By Joe Perez
One of the most interesting puzzles of science today is to be found in primatology research. Primate researchers have been stymied to explain why the faces of monkeys are so amazingly, disconcertingly unique. Could the answer to this riddle lead us into greater understanding of the significance of human uniqueness and all of culture?
A recent report on io9 explains:
New World Monkeys are the strangest-looking primates on Earth and they all look nothing like each other, from the bald-headed, demon-like Uakari to the lion-maned golden marmoset to the massively mustachioed emperor tamarin up top. What’s behind this insane variety?
That’s the question UCLA researcher Michael Alfaro set out to answer that question. The monkeys of Central and South America represent a truly staggering amount of facial diversity, with many species like the emperor tamarin sporting truly epic facial hair. But it’s unlikely that all these monkeys evolved such bizarre appearances just to amuse us so what’s really going on here?
Alfaro and his team realized the monkeys’ faces weren’t the only thing that had unusually strong variation. The social structure of the different species also varied greatly, with some living almost completely solitary existences while others lived in huge populations of a hundred or more….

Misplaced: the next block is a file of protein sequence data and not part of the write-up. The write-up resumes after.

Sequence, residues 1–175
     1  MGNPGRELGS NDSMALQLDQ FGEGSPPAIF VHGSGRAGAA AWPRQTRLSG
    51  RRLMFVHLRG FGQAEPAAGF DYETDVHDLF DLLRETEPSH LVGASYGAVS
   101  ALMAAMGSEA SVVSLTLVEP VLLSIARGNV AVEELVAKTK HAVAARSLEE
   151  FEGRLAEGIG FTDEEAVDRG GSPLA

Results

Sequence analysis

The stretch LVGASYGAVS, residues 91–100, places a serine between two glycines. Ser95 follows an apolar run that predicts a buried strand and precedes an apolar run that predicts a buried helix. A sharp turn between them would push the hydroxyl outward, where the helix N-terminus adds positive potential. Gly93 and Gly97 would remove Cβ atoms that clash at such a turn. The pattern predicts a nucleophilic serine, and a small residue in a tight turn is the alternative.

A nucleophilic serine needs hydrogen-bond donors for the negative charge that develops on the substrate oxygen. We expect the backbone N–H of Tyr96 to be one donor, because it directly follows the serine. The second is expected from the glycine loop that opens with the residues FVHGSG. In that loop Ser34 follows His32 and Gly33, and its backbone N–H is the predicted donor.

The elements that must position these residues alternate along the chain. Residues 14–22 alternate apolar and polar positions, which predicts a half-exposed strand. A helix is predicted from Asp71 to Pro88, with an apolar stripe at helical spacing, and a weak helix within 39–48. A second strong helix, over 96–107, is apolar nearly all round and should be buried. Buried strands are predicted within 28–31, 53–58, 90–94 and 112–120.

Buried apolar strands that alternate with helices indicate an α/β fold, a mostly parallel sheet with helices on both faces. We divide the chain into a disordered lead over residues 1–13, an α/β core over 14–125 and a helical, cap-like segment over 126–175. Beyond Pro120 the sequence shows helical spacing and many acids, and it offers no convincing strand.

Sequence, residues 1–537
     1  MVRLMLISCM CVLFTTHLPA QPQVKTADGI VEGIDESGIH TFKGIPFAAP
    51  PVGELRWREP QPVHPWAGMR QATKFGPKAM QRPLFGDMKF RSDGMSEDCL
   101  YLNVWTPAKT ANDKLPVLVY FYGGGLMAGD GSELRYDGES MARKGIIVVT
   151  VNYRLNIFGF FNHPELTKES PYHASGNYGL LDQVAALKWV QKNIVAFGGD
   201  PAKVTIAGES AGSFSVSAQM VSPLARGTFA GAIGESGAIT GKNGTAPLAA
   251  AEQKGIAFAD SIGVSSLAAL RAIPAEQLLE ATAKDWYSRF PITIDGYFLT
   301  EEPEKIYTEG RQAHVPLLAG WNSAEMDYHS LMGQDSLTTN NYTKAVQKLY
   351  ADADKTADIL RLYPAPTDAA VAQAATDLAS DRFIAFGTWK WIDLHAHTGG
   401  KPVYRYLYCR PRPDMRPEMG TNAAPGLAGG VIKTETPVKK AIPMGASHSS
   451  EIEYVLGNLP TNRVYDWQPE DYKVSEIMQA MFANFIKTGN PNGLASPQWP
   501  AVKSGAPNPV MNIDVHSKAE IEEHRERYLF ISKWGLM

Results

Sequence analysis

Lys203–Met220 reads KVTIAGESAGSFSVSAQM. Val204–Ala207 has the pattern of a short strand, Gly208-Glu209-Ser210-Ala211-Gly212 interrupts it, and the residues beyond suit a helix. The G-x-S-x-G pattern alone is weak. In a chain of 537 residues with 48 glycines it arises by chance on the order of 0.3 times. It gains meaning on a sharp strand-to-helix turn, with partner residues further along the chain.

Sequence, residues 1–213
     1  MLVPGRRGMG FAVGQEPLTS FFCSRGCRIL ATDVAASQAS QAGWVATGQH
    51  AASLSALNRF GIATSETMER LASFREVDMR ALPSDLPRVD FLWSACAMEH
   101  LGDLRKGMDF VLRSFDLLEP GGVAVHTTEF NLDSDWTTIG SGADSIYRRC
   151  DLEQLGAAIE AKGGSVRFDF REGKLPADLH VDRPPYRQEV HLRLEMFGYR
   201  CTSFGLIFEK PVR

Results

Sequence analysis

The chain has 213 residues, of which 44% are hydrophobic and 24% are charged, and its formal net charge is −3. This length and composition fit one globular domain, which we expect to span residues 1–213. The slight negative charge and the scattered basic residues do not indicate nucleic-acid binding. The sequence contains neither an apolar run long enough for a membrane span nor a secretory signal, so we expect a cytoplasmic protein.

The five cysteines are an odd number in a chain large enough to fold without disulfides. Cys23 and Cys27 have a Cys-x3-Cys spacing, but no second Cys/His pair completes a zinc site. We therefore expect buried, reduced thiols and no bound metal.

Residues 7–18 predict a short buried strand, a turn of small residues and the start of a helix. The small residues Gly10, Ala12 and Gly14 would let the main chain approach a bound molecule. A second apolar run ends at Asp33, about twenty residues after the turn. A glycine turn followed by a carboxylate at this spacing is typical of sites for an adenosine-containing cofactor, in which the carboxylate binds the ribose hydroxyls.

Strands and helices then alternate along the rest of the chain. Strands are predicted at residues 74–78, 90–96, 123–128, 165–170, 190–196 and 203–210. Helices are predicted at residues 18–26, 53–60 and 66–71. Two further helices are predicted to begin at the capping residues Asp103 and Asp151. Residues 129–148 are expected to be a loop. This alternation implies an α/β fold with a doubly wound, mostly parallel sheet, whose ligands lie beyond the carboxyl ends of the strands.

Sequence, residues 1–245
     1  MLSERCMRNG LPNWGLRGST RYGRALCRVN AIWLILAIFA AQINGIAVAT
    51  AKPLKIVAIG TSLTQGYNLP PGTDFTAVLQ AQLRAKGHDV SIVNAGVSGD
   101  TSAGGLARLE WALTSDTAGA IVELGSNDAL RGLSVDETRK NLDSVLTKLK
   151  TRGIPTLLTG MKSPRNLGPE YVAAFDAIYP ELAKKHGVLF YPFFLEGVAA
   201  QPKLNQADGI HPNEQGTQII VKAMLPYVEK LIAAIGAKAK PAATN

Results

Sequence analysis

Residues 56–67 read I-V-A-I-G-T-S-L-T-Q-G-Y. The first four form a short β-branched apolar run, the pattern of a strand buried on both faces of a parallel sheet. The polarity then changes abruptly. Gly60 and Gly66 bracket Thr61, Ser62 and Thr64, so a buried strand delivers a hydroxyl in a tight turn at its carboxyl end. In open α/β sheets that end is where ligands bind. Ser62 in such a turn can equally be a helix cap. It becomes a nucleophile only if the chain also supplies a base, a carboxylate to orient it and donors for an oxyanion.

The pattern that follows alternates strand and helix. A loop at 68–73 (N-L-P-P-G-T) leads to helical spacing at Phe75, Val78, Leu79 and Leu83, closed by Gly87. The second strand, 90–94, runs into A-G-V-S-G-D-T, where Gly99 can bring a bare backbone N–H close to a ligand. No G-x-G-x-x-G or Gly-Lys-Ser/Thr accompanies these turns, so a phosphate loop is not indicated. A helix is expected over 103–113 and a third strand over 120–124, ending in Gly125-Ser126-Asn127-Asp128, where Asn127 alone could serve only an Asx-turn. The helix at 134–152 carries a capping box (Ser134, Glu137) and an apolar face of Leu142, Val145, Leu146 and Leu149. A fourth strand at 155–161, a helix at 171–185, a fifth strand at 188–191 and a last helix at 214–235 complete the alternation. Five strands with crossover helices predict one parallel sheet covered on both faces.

They discovered that the monkeys with the most complex faces tended to live by themselves, while those who lived in groups tended to have plain faces. Another factor behind facial diversity seems to be the proximity of other species. When lots of different monkey species live in close quarters, they will tend to have much more complicated faces than more isolated species.
The study has implications for understanding culture, the report suggests:
Our species, generally speaking, has quite simple, bare faces, and of course we’ve also evolved what is arguably the most sophisticated system of communication in our planet’s history. Language itself might never have emerged if we were lion-maned or hugely-mustached or even polka-dotted basically, anything that would have kept our ancestors from producing crisp, clear facial expressions.
Uniqueness itself, in a biological sense, is an evolutionary emergent. And as culture evolves, we know that some of the ways uniqueness emerges become more or less prominent. If highly distinctive, unique faces may become more a thing of the past, what is to stop a massive homogenization of culture in the future?
These are questions worth asking in an age in which the leading, most prolific and influential enlightenment teachings (but not Marc Gafni’s Unique Self teaching) encourage a sort of radically undifferentiated sort of realization. Is spiritual uniqueness itself something that could become extinct unless we preserve and cultivate it?